Little Bits of History

The Mona Lisa of Poetry

Posted in History by patriciahysell on July 4, 2014
Leaves of Grass by Walt Whitman

Leaves of Grass by Walt Whitman

July 4, 1855: Leaves of Grass by Walt Whitman is published – for the first time. The first time the book saw print there were only twelve poems included. However, the author kept revising and adding poems until his death thirty-seven years later. The poems are loosely connected and reflect the author’s philosophy of life and his view of humanity. His discussion of sensual pleasures was unique at the time and some of his writing was considered immoral. Much of his work was a product of the times and relied on the use of symbolism, allegory, and use of the religious or spiritual realms. This first edition was a paean of praise to the body and the material world. It praises nature and our place in it while still placing emphasis on the mind and spirit.

Whitman was heavily influenced by Ralph Waldo Emerson, especially moved by his 1844 essay entitled The Poet. Emerson believed the US needed a local poet to express the country’s virtues and vices. After reading the essay, Whitman decided to answer Emerson’s questions by producing Leaves of Grass. He registered the title with the US District Court, Southern District of New Jersey on May 15, 1855 and received his copyright. The book was published in Brooklyn in a small shop on Fulton Street, a printing shop run by two Scottish immigrants – James and Andrew Rome. They were friends of Whitman and allowed him to do much of the typesetting himself. The first edition did not include the author’s name, but instead had an engraving by Samuel Hollyer of the author dressed in work clothes.

The 95-page book containing twelve poems was small and Whitman said he had intended it to be carried in a pocket if one wished. There were 800 printed but only 200 were bound in the trademark green cloth cover. The only known library to have purchased a copy of the first edition was in Philadelphia. Whitman sent a copy to Emerson who enjoyed the book and gave it great praise. There were several later editions and the number depends on where a scholar distinguishes the difference between issues and editions. Emerson’s high praise helped Whitman to quickly write more poems and expand the second edition which came out in 1856 and had 384 pages (and cost a dollar). That would be nearly $28 today.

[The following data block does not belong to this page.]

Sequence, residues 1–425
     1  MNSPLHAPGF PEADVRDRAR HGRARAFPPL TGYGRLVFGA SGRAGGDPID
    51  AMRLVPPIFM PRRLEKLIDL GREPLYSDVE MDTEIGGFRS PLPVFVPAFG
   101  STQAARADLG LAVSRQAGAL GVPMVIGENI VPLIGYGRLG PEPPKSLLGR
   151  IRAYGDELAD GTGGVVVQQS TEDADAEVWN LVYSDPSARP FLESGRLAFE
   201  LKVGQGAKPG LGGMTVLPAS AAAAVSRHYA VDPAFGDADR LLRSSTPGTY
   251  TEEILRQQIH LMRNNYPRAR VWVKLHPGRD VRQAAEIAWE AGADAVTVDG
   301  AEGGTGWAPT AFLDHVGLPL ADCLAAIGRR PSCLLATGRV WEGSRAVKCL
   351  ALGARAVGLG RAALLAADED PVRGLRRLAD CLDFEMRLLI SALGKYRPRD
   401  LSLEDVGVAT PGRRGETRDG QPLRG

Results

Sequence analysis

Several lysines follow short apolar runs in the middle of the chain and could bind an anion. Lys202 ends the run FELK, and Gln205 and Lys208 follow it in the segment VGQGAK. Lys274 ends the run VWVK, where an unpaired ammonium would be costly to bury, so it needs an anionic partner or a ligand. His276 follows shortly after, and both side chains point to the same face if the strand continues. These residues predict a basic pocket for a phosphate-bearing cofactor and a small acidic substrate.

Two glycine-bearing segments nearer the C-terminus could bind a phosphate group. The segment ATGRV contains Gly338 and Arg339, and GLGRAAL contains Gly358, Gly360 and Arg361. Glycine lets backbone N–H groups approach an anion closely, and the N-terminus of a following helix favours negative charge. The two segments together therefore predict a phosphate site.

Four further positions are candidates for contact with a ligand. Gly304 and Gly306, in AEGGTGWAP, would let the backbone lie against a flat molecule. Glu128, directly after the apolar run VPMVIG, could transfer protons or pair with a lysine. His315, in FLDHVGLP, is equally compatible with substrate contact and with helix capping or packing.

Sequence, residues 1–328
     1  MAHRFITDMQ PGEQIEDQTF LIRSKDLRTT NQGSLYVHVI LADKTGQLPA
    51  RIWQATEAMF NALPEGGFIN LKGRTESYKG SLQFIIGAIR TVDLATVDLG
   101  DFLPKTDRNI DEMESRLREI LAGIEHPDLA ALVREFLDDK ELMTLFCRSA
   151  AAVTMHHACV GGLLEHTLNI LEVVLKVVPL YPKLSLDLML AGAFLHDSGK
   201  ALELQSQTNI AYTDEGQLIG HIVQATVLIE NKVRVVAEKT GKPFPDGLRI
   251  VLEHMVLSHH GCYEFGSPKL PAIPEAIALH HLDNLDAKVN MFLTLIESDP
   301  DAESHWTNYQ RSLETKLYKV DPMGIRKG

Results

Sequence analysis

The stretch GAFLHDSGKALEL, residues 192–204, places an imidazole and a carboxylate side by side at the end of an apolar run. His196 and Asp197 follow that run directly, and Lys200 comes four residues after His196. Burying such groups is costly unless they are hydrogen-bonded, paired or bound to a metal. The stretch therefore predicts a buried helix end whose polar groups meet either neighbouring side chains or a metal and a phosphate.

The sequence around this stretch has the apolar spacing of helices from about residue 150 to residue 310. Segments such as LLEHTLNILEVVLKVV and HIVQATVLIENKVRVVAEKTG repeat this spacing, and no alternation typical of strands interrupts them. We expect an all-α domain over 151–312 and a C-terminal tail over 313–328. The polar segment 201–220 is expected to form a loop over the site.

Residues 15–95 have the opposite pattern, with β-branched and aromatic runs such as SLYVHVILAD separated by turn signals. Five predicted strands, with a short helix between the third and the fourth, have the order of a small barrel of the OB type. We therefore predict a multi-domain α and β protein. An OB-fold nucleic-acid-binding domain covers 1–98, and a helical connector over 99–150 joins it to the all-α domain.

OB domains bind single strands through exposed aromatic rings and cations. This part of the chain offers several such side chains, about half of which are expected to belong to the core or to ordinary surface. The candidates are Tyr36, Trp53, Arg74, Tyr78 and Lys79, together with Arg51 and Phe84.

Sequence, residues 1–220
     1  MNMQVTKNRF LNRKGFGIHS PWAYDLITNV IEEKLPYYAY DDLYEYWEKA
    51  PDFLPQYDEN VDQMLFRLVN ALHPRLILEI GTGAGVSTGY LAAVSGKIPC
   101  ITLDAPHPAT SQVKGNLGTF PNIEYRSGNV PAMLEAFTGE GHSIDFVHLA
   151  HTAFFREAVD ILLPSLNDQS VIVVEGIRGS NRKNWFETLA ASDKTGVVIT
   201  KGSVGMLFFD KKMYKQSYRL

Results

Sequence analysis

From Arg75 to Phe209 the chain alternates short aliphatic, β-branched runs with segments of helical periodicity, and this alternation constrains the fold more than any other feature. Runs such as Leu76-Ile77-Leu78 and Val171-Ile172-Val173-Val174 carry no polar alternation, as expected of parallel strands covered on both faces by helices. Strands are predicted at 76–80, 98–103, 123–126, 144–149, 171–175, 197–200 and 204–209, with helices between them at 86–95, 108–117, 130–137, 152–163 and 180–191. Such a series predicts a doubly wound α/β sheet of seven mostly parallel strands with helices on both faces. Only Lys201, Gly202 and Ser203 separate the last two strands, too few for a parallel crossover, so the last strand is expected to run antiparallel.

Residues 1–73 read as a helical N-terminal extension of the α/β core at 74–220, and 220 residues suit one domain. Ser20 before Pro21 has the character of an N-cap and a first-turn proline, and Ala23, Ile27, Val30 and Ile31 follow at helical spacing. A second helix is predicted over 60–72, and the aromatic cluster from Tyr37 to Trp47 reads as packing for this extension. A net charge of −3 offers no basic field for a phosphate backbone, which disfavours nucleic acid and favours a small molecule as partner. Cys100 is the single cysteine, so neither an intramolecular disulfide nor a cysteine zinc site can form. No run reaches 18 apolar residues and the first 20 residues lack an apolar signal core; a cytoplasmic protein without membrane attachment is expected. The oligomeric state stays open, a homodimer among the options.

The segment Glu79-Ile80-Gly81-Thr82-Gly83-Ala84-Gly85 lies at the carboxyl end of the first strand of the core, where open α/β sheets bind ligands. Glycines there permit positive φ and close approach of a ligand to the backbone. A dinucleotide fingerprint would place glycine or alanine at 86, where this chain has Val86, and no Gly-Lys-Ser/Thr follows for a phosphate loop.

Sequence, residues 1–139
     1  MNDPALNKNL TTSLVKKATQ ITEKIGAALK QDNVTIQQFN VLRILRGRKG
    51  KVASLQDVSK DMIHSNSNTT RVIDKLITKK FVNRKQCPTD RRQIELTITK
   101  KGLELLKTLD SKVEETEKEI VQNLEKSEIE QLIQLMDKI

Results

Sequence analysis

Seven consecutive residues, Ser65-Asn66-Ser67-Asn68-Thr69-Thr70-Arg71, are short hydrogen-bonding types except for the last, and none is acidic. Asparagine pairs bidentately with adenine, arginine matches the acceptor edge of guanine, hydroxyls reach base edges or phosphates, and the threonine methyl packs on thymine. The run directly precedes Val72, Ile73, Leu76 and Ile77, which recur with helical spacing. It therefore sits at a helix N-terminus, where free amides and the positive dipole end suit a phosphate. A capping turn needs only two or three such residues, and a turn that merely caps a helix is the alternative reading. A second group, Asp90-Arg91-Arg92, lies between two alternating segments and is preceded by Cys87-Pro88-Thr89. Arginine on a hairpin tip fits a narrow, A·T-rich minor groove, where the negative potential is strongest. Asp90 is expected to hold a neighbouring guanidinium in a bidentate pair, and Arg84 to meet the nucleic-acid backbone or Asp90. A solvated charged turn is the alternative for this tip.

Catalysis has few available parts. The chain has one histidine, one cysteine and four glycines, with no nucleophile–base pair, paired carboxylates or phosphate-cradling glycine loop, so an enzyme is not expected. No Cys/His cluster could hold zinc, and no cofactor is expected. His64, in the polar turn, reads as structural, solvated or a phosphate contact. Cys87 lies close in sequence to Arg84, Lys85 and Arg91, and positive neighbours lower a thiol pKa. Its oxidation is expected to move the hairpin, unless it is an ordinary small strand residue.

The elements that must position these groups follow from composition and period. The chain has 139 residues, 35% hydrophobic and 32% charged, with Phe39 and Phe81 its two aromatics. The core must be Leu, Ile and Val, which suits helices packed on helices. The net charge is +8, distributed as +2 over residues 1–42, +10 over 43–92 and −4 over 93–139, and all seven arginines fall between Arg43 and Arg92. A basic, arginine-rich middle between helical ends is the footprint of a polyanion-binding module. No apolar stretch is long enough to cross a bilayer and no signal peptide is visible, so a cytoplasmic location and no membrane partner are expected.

The 1860 edition was published by Thayer and Eldridge who went bankrupt shortly thereafter and couldn’t pay the author and a second house took over publication. The 1867 edition was what Whitman thought would be his last revision and again there were issues, but this time with the bookbinder going out of business. Even with this, another edition came out in 1871-72, yet another in 1881, and there was the deathbed editions published in 1891-92. He once again (this time correctly) called the book finished. Each successive book had a different picture of the author and by the end, he was depicted as older, wiser, and dressed in jacket and looking more sophisticated.

Keep your face always toward the sunshine – and shadows will fall behind you.

I no doubt deserved my enemies, but I don’t believe I deserved my friends.

I have learned that to be with those I like is enough.

Re-examine all that you have been told… dismiss that which insults your soul. – all from Walt Whitman

Also on this day: I’m Late! I’m Late! – In 1862, Alice Liddell hears a funny story.
Tuskegee – In 1881, Tuskegee Institute opened.
International Date Line – In 1892, Samoa adjusts the International Date Line.
Clinton’s Ditch – In 1817, construction on the Erie Canal began.

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